I had a good time at "Doctor Strange." I want to make that clear up front, because though it didn't meet my expectations, it is absolutely a fine piece of comic-book spectacle that should delight Marvel fans. And perhaps it's my own fault that I was hoping for something more from the film, given that it never pretended it was ever going to be anything but a flashy action flick about fleet-footed sorcerers and mystics doing battle against dark forces with very silly names.
Still, the cast assembled for "Doctor Strange" got me so excited. The brilliant surgeon Dr. Steven Strange is played by Benedict Cumberbatch, and his colleague/lover Dr. Christine Palmer, by Rachel McAdams. After a car accident destroys Strange's hands and ability to work, he travels to Nepal in search of a cure, where he meets a mystic called the Ancient One (Tilda Swinton), and her allies Mordo (Chiwetel Ejiofor) and Wong (Benedict Wong). As Strange trains in the mystic arts, he learns that his mentors are fighting against the dark designs of another former student, Kaecilius (Mads Mikkelson). Of course, Strange finds himself obliged to help them.
There's been a little controversy around the casting choices in "Doctor Strange," mostly related to the Ancient One, who was an Asian man in the comics, and is now a Celtic woman. I understand the objections, but I think Derrickson and his team have done a good job of diversifying and updating the cast of characters. I love Wong, who has been promoted from manservant to warrior librarian. I love Mordo, who gets a great arc and some interesting complexities. And I really, really enjoyed everything that Tilda Swinton brought to the Ancient One, in what's bound to be the film's most iconic performance. She's so boundlessly positive, lighthearted, and just plain fun to watch.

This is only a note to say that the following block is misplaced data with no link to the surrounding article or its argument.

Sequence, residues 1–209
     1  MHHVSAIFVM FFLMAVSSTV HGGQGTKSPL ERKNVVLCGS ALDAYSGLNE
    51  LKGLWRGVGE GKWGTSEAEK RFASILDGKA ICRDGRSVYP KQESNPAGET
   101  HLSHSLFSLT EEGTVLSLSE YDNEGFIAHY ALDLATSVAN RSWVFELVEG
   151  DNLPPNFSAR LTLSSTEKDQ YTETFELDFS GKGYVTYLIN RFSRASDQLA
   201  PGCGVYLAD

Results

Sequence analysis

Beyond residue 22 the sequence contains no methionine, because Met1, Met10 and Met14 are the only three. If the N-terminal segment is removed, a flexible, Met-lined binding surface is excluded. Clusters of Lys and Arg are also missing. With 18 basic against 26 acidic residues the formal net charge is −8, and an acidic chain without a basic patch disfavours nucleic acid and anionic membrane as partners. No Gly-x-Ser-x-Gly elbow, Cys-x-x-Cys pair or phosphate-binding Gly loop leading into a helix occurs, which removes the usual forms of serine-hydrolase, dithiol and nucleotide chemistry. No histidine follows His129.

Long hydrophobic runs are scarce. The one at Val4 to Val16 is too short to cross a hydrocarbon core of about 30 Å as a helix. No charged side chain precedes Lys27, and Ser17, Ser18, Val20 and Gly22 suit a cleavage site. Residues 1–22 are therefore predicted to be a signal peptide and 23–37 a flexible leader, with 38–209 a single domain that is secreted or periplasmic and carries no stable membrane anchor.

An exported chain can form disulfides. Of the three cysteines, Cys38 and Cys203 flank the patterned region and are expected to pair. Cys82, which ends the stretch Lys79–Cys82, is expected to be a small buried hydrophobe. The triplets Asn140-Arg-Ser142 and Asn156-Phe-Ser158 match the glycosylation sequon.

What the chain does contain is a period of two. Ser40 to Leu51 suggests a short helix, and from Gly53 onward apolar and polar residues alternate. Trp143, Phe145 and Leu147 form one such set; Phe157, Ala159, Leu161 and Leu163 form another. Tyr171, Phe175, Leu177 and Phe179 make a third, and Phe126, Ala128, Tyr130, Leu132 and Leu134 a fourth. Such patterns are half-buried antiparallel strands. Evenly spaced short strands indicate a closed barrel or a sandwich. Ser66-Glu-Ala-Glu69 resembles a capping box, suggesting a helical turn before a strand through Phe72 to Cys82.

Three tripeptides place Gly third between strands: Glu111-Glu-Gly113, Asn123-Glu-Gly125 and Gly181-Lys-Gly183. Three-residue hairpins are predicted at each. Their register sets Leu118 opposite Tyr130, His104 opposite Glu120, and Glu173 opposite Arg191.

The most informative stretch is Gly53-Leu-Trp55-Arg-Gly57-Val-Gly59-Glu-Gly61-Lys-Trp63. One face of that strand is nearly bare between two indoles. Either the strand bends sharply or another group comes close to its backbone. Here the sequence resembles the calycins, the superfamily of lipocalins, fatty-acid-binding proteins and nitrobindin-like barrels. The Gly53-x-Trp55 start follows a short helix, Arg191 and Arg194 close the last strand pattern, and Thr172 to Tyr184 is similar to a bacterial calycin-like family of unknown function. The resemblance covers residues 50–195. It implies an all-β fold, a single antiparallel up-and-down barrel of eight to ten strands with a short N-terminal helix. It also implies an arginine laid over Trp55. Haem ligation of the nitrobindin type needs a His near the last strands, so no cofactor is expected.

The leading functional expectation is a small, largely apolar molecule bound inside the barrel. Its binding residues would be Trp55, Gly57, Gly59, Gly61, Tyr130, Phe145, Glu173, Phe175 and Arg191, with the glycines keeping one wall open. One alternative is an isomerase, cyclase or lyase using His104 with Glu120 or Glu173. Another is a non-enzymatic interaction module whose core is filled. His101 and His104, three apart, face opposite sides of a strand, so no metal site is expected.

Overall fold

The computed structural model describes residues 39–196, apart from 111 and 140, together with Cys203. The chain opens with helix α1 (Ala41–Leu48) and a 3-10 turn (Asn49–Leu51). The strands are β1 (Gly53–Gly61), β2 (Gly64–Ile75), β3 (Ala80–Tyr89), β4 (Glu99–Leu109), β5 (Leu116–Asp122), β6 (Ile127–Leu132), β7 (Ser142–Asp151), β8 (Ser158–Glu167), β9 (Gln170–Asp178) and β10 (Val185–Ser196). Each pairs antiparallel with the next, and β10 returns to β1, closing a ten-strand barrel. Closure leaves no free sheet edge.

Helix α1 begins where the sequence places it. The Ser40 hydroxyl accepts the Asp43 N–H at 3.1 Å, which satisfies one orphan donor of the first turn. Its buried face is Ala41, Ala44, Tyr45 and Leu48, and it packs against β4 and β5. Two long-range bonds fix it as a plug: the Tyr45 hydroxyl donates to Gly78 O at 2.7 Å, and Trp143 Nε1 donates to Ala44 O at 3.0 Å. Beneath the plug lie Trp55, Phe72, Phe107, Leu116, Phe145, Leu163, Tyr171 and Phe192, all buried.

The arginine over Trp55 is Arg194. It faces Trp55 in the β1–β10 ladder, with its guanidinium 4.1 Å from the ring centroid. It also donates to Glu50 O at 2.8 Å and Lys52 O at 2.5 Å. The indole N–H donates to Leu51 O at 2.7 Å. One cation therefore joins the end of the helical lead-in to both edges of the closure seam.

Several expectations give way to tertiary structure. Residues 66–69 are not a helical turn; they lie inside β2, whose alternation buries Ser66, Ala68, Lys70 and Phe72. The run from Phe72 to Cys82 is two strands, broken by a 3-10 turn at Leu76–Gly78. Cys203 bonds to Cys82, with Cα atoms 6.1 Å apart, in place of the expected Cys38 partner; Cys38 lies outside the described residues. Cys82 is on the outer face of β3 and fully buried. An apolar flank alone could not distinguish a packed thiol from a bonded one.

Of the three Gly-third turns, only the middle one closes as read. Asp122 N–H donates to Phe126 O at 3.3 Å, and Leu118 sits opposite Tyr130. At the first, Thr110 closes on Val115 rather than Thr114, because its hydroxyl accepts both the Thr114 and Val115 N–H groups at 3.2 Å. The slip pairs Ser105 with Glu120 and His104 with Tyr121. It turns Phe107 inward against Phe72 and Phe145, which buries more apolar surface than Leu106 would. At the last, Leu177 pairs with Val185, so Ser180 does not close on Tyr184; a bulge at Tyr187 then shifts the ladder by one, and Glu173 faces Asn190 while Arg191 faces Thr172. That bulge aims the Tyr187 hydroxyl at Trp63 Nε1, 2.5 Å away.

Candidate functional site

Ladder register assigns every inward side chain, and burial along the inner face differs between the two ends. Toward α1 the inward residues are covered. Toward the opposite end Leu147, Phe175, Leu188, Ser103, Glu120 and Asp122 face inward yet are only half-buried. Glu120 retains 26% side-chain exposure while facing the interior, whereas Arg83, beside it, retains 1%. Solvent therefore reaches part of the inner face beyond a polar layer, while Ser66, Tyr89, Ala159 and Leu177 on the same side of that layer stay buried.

I wish I could say similarly nice things about our main character, but Stephen Strange didn't quite come off right, and I'm still wrestling with the possibility that Cumberbatch may have been miscast. The performance is great when Strange is hurting after his accident, an egomaniac brought low and forced to reckon with his own vulnerability. However, his Tony Stark style quips feel forced, and there's a little too much emphasis on Strange's propensity for being an arrogant bastard. He's really one of the most unlikeable Marvel heroes on the roster, which easily could have been fixed if the movie slowed down long enough to give Strange a few more emotional beats or moments of self-doubt.
But good grief, it's hard to argue that the movie should have slowed down. The greatest pleasures of "Doctor Strange" are its action sequences, which are absolutely gorgeous, inventive, and beautifully executed. In additional to the gravity-defying mystical battles being fought with glowing spells and weapons, there are the trips into different "multiverses," the way that the Dream Dimension turns buildings into kaliedescopes of constantly moving fragments of architecture, and astral projections that allow characters to transcend reality to do battle on different planes. And Strange is eventually latched onto by a sentient levitating cloak, who turns out to be one of the better Marvel sidekicks we've seen.
The biggest achievement of "Doctor Strange" is taking so many weird, high-concept, and potentially silly ideas, and making them all feel like part of one coherent whole. The Asian mysticism is so generic as to barely trip any cultural appropriation concerns, so i think that issue can be put to bed. At the same time, I really enjoy the South Asian aesthetics of the design work, that help to set the magic in "Doctor Strange" apart from what we've seen in the "Harry Potter" films and the like. Also, I found lots of shameless cribbing from "Inception," but we get new variations with so much obvious effort behind them. There is nothing in director Scott Derrickson's horror-heavy filmography that suggested that he was capable of orchestrating so much dazzling eye candy, but he does an absolutely fantastic job here.
So I feel like a scrooge, yet again, for pointing out that if you take away the CGI, the story is very thin, and some of the characters are pretty derivative. Kaecilius is yet another example of the Marvel villain problem, and I was grinding my teeth at how wasted Mads Mikkelson was in the part. And Rachel McAdams too, though at least Christine had some backbone. Dr. Strange himself is compelling, but parts of the character simply do not work. And if I weren't absolutely sure we were getting a sequel that might help fix some of these problems, I'd be even more unsatisfied.
But there will be another movie, which means the good Doctor will have another chance to impress. I enjoyed this fancy light show for what it was, but next time I'd really appreciate a better movie to go along with it.